ECOM201 Introduction to E management
As widespread as diverse and dispersed teaming is these days, leading a virtual team can be a challenge. This case study offers ideas on making the best of diverse and dispersed team structures.
Virtual teaming, that is, working on teams whose members are not present in the same location, is a fact of our modern, globalized business world. Virtual (or diverse and dispersed) teams are prevalent not only in multinational companies with offices in different countries, but also in academic and non-governmental institutions with bases across the world. In such team structures, members often have to communicate and collaborate with others who could be thousands of miles and many time zones apart.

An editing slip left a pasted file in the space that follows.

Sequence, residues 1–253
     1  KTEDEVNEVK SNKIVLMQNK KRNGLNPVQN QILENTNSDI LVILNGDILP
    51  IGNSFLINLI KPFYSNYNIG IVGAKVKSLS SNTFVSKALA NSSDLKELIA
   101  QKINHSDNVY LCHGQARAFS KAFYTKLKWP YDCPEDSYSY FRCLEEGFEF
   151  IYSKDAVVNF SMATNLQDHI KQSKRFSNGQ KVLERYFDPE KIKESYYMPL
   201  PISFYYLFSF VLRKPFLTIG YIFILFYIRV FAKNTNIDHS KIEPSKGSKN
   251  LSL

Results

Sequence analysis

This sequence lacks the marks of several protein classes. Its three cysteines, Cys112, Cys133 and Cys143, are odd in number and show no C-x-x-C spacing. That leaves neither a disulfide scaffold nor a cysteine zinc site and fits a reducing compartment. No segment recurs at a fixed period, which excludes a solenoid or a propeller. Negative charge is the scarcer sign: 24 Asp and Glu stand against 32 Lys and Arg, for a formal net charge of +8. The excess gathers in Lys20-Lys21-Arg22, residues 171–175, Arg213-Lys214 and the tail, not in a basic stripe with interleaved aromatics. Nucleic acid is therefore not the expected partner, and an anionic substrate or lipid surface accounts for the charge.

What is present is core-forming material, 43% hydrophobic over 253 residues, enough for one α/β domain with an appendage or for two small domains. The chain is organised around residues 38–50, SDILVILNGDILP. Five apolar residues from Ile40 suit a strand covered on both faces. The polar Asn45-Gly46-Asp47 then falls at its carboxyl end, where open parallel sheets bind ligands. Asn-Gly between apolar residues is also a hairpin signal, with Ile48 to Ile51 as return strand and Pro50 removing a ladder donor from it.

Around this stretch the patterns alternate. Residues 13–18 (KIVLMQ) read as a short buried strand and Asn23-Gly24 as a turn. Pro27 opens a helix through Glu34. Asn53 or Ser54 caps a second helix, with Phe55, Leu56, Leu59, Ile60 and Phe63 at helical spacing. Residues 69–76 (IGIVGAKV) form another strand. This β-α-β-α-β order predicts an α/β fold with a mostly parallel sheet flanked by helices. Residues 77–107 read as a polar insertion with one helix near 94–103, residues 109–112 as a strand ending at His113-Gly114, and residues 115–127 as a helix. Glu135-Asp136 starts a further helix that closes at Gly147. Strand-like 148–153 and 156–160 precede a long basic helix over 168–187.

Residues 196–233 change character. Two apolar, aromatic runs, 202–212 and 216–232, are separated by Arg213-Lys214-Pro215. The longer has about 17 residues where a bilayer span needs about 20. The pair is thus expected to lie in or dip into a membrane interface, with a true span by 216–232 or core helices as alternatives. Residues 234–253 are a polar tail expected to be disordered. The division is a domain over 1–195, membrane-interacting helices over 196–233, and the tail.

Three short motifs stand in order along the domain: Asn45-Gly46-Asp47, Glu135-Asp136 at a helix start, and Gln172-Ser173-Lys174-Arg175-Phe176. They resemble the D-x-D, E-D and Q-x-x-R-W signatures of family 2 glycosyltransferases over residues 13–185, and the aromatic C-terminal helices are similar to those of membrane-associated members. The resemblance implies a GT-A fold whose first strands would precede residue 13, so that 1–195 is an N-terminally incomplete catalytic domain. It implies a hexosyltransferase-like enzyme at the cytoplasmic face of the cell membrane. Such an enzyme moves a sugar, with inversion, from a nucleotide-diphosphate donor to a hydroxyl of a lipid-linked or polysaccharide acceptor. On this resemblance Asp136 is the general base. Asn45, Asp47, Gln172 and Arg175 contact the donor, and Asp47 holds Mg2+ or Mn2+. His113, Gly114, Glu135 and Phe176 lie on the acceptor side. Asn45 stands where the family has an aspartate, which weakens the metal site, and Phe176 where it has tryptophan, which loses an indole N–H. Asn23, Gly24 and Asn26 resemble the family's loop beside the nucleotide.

As widespread as diverse and dispersed teaming is these days, leading a virtual team can be a challenge. Team leaders need to not only account for practical matters such as scheduling across time zones, but also technical issues such as varying rates of connectivity and access to communication platforms. However, one of the biggest factors in creating successful collaboration among diverse and dispersed teams is culture – specifically, tailoring the team’s mission, plans and procedures to the preferences of the different cultures represented on the team.
1)What did the team leader notice during the team meeting (calls) and what did she tried to do to enhance the situation?
2)What should Rebeca had to do for each virtual worker and why?
3)What were the special situations with the Korean and the Japanese workers?
4)What the virtual leaders and the virtual members need to exercise?
5)How can the virtual teams be as effective and productive as their traditional equivalents?